7. Patience and Persistence:
    • Recognize that advancing to a purple belt demands patience and consistent effort.
    • The journey from blue to purple belt can be lengthy and challenging, but perseverance is key.
  8. Technical Proficiency:
    • Exhibit a robust ability to guard pass and retain their guard.
    • Demonstrate consistent success in applying various submissions during live rolling, especially against white and blue belts.
  9. Teaching Ability:
    • Be competent enough to instruct lower belts in foundational techniques.
  10. Factors Influencing Progression:
    • Dedication to regular training.
    • Maintaining good physical health and minimizing injuries.
    • The inherent athletic potential of the practitioner.
    • The philosophy and standards of one’s gym and instructor.
  11. Strategic Awareness for Purple Belts:
    • At the purple belt level, there’s a shift from understanding basic techniques to implementing strategy.
    • Purple belts should know how to adapt and apply techniques in various situations without needing detailed instructions.
    • The focus becomes more about strategy, understanding match ups, and how to counter different styles and physical attributes.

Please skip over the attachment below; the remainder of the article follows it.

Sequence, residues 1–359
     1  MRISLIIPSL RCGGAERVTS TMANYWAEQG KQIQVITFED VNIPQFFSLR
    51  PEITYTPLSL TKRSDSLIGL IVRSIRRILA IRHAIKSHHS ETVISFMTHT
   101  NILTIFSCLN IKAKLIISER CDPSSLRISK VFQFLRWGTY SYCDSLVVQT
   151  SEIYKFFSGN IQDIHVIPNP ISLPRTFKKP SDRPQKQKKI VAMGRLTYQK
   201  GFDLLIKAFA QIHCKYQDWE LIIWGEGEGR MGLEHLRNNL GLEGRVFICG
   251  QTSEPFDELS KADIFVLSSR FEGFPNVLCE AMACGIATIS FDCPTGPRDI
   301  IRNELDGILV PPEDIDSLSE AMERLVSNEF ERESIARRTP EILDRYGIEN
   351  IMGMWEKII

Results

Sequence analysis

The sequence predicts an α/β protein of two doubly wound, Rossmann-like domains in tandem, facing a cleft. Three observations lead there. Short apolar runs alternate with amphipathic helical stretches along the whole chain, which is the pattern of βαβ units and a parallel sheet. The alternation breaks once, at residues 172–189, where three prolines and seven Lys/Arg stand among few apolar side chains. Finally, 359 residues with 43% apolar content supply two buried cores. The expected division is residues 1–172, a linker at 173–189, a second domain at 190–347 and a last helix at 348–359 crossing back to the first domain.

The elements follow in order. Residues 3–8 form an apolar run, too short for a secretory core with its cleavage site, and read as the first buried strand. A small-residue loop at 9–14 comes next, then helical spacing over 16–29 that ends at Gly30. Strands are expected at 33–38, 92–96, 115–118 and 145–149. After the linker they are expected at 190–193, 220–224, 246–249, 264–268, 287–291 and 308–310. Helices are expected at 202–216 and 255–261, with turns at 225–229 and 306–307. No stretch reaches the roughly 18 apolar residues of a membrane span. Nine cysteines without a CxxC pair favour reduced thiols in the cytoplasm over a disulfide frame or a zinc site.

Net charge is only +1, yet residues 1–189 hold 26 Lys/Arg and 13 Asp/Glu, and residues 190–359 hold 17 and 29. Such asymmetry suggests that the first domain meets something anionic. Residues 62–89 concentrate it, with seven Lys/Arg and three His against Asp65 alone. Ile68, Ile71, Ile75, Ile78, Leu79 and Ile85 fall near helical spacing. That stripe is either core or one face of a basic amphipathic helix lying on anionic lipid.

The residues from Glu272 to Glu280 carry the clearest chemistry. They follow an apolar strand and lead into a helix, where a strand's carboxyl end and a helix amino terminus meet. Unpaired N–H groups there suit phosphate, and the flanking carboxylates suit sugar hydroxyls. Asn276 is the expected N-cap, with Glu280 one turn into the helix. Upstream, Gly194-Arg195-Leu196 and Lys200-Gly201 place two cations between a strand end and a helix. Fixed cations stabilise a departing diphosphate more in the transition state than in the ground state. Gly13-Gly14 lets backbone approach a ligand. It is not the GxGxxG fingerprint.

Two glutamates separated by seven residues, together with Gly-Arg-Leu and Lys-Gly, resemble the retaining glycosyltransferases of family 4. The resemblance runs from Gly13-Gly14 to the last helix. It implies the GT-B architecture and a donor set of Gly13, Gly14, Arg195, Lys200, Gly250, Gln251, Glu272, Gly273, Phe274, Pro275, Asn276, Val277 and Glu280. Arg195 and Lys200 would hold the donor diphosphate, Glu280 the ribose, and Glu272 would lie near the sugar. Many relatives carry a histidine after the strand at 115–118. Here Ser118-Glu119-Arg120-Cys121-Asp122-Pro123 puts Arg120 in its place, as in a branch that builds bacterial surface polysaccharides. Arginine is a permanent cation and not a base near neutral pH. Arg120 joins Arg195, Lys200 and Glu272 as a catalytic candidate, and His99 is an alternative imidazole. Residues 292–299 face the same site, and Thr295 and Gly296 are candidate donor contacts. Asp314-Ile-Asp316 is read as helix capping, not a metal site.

When Are You Ready for a Purple Belt in BJJ?

The simplest sign that you are ready for your purple belt in BJJ is when you are consistently controlling and submitting blue belts as well as catching purple belts with submissions every now and then.

Not a scientific measurement by any means, but anecdotally, I usually am awarded a new belt by my coach ~6 months to 1 year after I think I’m ready.

Often times its hard to gauge your skill level in jiu jitsu since everyone you are training with is also getting better along with you. It’s only until you go to a new gym or your spar with beginners then you realize how much your skill has grown.

How Hard Is It to Get a Purple Belt in BJJ?

Earning your purple belt is hard. This will take a lot of sweat and dedication to achieve this. 

From crushing your ego, and trying to understand different concepts at white belt. Then having moved up to blue belt where you start to finally become confident in applying your skills and techniques, to leveling up to a purple belt. 

What I just mentioned may sound so smooth. But trust me, these purple belts are dedicated. They are continuously working hard to become better at what they do. 

From mastering the fundamentals, to applying different variations of techniques and attacks. To actually identify what is wrong with certain movements they do and continuously training in order for them to excel. 

But all this hard work pays off. These purple belts are people to look up to. They wouldn’t have achieved this rank if they did not put in a lot of effort every time they train.